The Moorish general Othello is manipulated into thinking that his new wife Desdemona has been carrying on an affair with his lieutenant Michael Cassio when in reality it is all part of the scheme of a bitter ensign named Iago.
King Lear is an in-depth study of love, power and death. Through this film Shakespeare is saying, "Don't blame the gods or the heaven's for the horrors committed on earth. No. Blame hellish inhumanity on those who inhabit the earth."
The Shakespeare tragedy that gave us the expression "How sharper than a serpent's tooth it is to have a thankless child." King Lear has not one but two ungrateful children, and it's ... See full summary »
Sir Ian McKellen gives a tour-de-force performance as Shakespeare's tragic monarch, in this special television adaptation of the Royal Shakespeare Company production of one of the playwright's most enduring and haunting works.
King Lear, old and tired, divides his kingdom among his daughters, giving great importance to their protestations of love for him. When Cordelia, youngest and most honest, refuses to idly ... See full summary »
On a bitterly cold London evening, schoolteacher Kyra Hollis (Carey Mulligan) receives an unexpected visit from her former lover, Tom Sergeant (Bill Nighy), a successful and charismatic ... See full summary »
For Sixty years Elizabeth II has met each of her twelve Prime Ministers in a weekly audience at Buckingham Palace- a meeting like no other in British public life- it is private. Both ... See full summary »
In King Lear, Simon Russell Beale extends his perversely impressive record. Having given us the worst Hamlet ever and the worst Falstaff ever, he now adds Lear to his list of negative ultimates. He has three major modes of delivering his lines--shouting, babbling and ruminating quietly--and is boring in all three. Only once does he come up with a novel line-reading. When told that the Fool has pined away since Cordelia's departure for France, he peevishly whines "I have noted it," as if to say "I'm not stupid, you know." It is characteristic that Beale's one attempt at originality should be a note of sour petulance.
Beale's Lear is stumpy, obese and devoid of authority. He shouts his way through the first scene without scaring anyone, and his curse of Goneril in I.iv is merely tedious. (Goneril herself is undaunted by it, and coolly slaps his face in response). Beale typically acts in a vacuum--his professional motto appears to be "Only disconnect"--and his madness as Lear is not very different from his habitual onstage solipsism. Since he cannot convey love or affection, and has no capacity for pathos, his reunion with Cordelia, his reassurances to her as they are led off to prison, and his lament over her lifeless body are all aridly unmoving. One cannot understand why Cordelia loves this man, why Kent risks his life to follow and protect him, and why the Fool never dreams of deserting him. Yet one also cannot understand why Goneril and Regan despise him. There is simply nothing there to inspire extreme emotions one way or the other, except of course among those who hate being bored.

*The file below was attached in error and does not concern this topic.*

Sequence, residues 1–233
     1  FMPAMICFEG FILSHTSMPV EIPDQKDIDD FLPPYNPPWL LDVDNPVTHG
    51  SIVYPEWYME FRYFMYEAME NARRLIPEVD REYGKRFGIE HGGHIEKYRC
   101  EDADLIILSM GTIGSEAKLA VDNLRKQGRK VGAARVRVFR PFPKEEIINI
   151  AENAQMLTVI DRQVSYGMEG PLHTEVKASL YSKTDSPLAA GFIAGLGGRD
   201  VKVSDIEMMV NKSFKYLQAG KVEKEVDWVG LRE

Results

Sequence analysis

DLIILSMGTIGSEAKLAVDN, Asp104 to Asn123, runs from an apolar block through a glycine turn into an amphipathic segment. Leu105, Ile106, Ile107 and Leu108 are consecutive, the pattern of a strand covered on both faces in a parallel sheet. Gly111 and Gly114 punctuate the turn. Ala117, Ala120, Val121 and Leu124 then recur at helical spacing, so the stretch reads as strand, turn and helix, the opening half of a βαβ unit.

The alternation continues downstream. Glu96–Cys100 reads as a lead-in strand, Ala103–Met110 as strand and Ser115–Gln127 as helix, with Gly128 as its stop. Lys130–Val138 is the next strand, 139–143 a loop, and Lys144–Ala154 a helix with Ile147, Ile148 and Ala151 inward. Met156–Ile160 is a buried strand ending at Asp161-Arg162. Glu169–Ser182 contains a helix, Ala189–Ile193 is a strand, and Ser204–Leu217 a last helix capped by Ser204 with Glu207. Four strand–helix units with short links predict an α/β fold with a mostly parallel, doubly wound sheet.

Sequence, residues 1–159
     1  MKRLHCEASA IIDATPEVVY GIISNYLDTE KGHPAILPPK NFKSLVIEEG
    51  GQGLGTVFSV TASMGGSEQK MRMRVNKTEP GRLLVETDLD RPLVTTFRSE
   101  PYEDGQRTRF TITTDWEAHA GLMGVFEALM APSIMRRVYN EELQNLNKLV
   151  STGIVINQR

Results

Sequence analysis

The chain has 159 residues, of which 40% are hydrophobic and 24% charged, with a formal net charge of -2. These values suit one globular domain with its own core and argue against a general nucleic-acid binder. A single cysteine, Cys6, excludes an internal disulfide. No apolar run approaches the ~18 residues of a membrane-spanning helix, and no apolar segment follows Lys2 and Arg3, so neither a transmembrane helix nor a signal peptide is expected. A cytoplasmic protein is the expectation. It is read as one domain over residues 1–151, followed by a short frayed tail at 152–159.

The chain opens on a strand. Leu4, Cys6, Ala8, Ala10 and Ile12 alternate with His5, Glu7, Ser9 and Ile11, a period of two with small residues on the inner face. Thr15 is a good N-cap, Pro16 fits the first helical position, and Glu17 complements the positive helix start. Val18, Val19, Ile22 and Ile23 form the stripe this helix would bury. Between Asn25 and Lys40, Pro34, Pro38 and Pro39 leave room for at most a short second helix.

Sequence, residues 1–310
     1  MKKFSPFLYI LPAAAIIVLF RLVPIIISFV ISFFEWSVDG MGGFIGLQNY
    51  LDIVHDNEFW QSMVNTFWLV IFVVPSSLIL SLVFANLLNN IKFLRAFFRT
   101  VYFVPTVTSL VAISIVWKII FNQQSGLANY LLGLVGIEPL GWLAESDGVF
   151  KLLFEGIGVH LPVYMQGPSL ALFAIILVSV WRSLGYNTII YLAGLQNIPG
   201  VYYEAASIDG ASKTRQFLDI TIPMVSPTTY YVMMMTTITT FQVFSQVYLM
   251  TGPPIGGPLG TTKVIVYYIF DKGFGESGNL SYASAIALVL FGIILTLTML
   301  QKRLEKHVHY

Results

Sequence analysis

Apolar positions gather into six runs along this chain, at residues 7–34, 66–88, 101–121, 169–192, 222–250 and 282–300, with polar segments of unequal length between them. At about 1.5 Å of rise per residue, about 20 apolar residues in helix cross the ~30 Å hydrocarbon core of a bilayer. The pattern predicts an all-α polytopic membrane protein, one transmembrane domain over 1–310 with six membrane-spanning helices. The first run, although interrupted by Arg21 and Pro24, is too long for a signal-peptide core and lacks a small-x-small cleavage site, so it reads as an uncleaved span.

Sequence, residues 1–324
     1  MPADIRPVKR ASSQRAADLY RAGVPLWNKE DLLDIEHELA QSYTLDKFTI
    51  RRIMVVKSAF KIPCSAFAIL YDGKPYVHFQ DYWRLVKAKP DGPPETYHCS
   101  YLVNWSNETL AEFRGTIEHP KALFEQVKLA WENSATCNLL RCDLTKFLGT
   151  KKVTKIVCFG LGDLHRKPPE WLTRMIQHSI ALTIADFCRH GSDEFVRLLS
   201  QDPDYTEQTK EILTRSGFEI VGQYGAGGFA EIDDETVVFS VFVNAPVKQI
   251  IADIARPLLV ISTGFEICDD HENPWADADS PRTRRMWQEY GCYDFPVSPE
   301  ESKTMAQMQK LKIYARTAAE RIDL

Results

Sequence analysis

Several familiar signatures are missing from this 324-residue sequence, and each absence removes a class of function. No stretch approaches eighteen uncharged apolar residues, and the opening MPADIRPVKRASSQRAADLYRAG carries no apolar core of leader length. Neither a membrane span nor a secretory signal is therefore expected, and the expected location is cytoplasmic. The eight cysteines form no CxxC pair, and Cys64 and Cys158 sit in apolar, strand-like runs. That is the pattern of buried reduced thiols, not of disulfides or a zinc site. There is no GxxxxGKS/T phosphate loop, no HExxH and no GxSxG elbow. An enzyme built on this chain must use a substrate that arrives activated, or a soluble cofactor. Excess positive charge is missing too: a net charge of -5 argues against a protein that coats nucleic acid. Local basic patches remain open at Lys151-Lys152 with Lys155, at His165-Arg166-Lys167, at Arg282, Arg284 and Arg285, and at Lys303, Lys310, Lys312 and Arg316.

Sam Mendes has directed with his customary lack of freshness and insight. The opening scene is dominated by a dais with microphones, an overly-familiar prop in current Shakespearean productions. Lear murders the Fool in a fit of insanity, just as he did 30 years ago at the RSC (Adrian Noble, 1982). The final scene degenerates into postmodern abstraction, and becomes almost unrecognizable in the process. Edgar and Edmund do not square off in a duel: Edgar simply enters and stabs his strangely unresisting brother to death. Goneril and Regan die onstage rather than off, but the other actors seem barely to notice. Gloucester's cadaver is also lugged in, again occasioning little or no reaction. The dying Edmund does not try to redeem himself by saving the lives of Lear and Cordelia. There are other cuts, yet for all these added lacunae, the scene is staged and played in a desultory manner that robs it of any impact. The rest of the production is directorially unremarkable, and in fact routine.
Finally, there are no worthwhile performances among the ensemble. Kate Fleetwood, a congenitally creepy actress, plays Goneril like a sinister vamp in an old talking movie. Anna Maxwell Martin dishes up a giddy, quasi-psychotic Regan whose blithering delivery is sometimes incomprehensible. As Gloucester, Stephen Boxer gets a surprising number of laughs for a man with a pair of bleeding sockets. Sam Troughton's characterization of Edmund is limited to wearing glasses when pretending to be decent and removing them when not. His lanky brother Edgar (Tom Brooke) appears to be suffering from Asperger's syndrome. He stares at the ground rather than Edmund during his initial scenes, and greets the news of his father's intention to kill him with an almost shrugging carelessness. This autistic insensibility merges so smoothly into the maunderings of Poor Tom that one cannot be sure if Edgar is ever lucid. Adrian Scarborough's Fool, a pint-sized spiv in a pinstriped suit, isn't funny, trenchant, poignant or haunting, but he does have a nice singing voice. The other supporting actors are forgettable, and I have forgotten them.
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